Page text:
The Friedman rule: Old and new

Research output: Contribution to journalArticlepeer-review


In overlapping generations models, money growth creates intergenerational wealth effects and leads to the breakdown of the Friedman rule; the rule can be restored via lump-sum tax and transfers that neutralize these wealth transfers. Additionally, and in contrast to money-in-the-utility-function models, the Friedman rule is not the unique first-best solution in cash-in-advance-constraint models of money: a continuum of combinations of money growth rates and consumption taxes implement the first-best allocation. This paper traces through the intellectual origins of the first (old) result, which was recently restated in Bhattacharya, et al. [2005. Monetary policy, fiscal policy, and the inflation tax: equivalence results. Macroeconomic Dynamics 7, 647-669.] and formally demonstrates the second (new) result.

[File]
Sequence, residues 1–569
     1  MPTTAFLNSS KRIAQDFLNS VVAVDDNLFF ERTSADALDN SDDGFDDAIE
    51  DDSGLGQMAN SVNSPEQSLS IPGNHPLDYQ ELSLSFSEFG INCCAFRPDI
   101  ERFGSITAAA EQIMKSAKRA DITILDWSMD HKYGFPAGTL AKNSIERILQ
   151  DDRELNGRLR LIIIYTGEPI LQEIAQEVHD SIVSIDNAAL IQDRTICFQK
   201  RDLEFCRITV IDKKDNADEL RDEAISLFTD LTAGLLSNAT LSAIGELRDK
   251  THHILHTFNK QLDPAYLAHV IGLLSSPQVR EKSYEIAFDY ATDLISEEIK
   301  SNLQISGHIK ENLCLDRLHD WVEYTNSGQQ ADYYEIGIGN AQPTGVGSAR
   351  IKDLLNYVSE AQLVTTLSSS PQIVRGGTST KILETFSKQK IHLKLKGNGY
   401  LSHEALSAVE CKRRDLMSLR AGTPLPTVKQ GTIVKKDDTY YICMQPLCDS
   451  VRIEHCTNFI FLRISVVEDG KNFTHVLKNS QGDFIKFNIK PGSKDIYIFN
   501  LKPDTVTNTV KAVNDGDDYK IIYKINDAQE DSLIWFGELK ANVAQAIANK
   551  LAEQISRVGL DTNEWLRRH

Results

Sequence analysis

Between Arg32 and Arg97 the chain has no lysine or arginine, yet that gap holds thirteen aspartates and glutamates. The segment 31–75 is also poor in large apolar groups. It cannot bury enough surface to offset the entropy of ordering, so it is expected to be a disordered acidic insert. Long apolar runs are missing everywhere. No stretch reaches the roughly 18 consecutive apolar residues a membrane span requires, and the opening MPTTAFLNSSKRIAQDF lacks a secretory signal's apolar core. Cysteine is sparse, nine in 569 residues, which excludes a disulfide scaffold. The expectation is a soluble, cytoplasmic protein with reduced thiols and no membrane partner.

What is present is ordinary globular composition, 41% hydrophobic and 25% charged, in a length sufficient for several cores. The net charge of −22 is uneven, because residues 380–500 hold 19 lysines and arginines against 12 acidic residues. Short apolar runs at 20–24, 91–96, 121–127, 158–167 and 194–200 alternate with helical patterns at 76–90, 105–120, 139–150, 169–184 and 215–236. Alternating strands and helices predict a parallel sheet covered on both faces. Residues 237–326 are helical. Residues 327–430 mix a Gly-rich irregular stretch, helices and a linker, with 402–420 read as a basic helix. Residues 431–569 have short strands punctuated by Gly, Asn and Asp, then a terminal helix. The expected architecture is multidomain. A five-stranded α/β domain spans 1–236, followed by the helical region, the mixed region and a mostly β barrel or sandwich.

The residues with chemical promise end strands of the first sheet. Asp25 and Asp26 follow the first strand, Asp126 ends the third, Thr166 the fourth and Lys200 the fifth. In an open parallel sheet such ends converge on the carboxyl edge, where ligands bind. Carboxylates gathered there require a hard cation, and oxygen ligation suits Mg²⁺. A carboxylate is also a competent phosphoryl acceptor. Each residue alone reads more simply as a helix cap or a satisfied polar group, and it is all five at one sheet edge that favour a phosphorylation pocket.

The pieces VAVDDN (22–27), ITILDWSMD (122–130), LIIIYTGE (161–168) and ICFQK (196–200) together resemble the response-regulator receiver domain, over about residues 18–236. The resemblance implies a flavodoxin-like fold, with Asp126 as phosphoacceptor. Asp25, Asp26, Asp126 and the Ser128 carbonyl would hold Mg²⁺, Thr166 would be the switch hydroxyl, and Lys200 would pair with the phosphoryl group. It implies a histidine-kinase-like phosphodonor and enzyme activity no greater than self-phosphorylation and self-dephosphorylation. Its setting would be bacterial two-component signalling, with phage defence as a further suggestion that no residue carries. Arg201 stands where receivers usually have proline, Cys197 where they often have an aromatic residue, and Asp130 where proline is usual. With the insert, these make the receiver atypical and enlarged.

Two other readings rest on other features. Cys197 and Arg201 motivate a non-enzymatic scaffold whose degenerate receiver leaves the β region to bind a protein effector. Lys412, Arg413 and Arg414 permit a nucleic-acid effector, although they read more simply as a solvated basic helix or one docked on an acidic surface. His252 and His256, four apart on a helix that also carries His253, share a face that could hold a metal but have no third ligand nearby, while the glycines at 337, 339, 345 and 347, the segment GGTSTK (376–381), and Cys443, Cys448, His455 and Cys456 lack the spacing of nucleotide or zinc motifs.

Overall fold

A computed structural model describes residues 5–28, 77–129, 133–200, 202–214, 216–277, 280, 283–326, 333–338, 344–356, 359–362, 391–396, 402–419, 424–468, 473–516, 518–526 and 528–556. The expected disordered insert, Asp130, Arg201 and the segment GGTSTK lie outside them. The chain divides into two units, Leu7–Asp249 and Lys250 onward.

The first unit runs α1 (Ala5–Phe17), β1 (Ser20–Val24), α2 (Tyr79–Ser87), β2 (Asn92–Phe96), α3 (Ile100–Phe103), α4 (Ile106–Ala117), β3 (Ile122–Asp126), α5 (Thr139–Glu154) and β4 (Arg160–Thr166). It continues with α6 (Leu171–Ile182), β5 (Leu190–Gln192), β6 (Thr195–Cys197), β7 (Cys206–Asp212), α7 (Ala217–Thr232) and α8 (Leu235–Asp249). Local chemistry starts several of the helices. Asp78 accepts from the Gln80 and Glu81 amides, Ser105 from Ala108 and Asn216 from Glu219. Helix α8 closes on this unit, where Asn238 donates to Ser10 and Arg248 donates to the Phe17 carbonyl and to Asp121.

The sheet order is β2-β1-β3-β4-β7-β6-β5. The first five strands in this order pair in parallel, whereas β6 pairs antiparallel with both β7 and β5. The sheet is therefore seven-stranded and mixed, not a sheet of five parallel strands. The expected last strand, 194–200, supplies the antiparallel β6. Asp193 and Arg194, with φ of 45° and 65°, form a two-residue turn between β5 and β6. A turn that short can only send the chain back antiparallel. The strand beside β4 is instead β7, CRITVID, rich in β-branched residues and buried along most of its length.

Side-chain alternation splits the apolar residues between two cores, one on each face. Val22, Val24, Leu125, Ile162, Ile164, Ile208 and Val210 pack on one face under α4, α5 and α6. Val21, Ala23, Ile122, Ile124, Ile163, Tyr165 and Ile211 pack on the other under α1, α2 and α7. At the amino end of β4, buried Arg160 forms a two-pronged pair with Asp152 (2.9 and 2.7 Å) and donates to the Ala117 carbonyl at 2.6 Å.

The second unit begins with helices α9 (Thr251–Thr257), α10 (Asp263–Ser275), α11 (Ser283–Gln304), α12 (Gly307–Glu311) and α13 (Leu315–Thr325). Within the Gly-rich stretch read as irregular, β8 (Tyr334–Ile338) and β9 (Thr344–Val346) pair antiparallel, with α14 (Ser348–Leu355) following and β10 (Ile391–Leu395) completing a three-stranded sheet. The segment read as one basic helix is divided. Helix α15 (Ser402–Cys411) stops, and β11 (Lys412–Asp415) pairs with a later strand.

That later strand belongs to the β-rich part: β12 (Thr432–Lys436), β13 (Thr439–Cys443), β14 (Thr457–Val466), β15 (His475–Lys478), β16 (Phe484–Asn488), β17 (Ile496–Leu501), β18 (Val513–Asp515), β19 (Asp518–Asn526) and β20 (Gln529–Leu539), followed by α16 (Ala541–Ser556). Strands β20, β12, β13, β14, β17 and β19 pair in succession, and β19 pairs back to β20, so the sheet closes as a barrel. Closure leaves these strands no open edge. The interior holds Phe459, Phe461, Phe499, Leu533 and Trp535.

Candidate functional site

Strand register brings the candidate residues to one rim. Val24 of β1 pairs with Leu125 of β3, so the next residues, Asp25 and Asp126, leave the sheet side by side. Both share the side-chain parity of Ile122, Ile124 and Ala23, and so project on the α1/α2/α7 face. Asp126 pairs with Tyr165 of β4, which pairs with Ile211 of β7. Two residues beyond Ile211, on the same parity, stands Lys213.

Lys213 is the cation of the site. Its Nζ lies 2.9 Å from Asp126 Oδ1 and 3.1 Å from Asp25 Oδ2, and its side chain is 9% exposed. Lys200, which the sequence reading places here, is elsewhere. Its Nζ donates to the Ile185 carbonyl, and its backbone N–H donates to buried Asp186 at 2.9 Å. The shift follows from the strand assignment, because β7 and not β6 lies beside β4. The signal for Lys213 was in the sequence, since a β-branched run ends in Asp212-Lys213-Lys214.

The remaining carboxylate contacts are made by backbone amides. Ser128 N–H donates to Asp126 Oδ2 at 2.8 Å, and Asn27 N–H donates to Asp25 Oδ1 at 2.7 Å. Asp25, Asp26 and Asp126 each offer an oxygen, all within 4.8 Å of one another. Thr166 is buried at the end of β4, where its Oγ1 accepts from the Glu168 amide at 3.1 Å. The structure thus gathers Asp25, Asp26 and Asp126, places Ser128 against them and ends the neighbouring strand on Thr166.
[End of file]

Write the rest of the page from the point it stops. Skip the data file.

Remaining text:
Original languageEnglish (US)
Pages (from-to)581-589
Number of pages9
JournalJournal of Monetary Economics
Issue number2
StatePublished - Mar 2007


  • Friedman rule
  • Intergenerational wealth effects
  • Overlapping generations

ASJC Scopus subject areas

  • Finance
  • Economics and Econometrics


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